Hennepin Healthcare looks to start clinical trials on drug that could fight COVID-19
[anvplayer video=”4883333″ station=”998122″]
A new drug is being called a "ray of hope" in treating COVID-19.
Now, the anti-viral drug remdesivir is the focus of two clinical trials in Minnesota.
“This is a medicine that directly attacks the virus,” said Jason Baker, Hennepin Healthcare’s infectious disease director. “Rendesivir is one of the only direct anti-viral medicines that’s being studied in the context of COVID-19.”
Doctors at the Hennepin Healthcare Research Institute hope to enroll about 1,000 patients now hospitalized with moderate or severe COVID-19.
Initially, remdesivir was developed to treat Ebola but failed to stop that virus. But now, it’s been found the drug has an effect on other forms of coronavirus, including SARS and MERS.
"It was found to be very active against that virus in the lab, so it was quickly escalated to human studies for the COVID outbreak,” Baker said.
The drug, which has not been approved by the Food and Drug Administration, is administered through an IV and works by preventing the virus from growing.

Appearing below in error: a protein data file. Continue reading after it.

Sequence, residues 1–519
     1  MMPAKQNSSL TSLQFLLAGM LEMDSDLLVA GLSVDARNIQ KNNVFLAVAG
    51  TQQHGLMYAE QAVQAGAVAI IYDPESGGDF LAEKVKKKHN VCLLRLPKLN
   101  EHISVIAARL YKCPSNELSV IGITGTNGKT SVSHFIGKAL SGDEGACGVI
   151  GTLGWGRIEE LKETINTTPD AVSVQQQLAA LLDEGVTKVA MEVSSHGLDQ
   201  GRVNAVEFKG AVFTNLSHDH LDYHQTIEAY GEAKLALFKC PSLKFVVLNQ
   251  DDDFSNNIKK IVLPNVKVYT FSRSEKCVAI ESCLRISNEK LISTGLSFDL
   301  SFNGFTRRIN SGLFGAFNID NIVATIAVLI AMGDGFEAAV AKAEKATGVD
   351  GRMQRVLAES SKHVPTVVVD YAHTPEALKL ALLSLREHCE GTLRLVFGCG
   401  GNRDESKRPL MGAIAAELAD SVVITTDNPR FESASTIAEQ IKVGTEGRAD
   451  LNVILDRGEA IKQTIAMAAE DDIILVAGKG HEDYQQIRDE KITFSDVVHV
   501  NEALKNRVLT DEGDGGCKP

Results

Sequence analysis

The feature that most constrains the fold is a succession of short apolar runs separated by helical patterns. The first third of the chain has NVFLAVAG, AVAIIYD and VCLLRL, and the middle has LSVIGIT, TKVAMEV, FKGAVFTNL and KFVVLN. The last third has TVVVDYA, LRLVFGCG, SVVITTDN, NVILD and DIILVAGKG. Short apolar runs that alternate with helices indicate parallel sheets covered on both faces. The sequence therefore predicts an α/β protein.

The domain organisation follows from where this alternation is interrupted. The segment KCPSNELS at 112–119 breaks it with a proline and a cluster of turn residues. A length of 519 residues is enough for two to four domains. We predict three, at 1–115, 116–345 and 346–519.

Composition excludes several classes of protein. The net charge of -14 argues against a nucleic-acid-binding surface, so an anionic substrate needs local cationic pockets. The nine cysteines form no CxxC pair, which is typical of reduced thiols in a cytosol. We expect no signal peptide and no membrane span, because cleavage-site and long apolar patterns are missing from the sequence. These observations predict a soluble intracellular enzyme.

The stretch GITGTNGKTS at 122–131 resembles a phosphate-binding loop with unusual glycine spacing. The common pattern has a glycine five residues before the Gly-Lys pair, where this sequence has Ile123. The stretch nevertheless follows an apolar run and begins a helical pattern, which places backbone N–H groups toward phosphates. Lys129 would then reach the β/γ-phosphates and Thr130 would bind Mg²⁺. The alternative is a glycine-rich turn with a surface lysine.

"So it actually stops replication of the virus,” Baker said. “The virus isn’t able to replicate its genetic material."
Gilead Sciences, the maker of remdesivir, has given it to more than 1,700 patients on a case-by-case emergency basis.
Hennepin Healthcare says it wants to determine if the drug is beneficial and safe.
Researchers also hope to learn whether it’s better for patients to use when they first contract the virus, or later, when it progresses to a severe illness.
“If we think something might be beneficial, we are definitely trying to bring access to it to our patients and offer it,” Baker said.
The trials could be completed by early May — a process that normally takes years. After that, it will be up to the FDA to decide whether to approve the drug in the fight against COVID-19.
"It’s a challenging time,” Baker said. “I think we’re all struggling through this, trying to do well by our patients, but also being both responsible and safe.”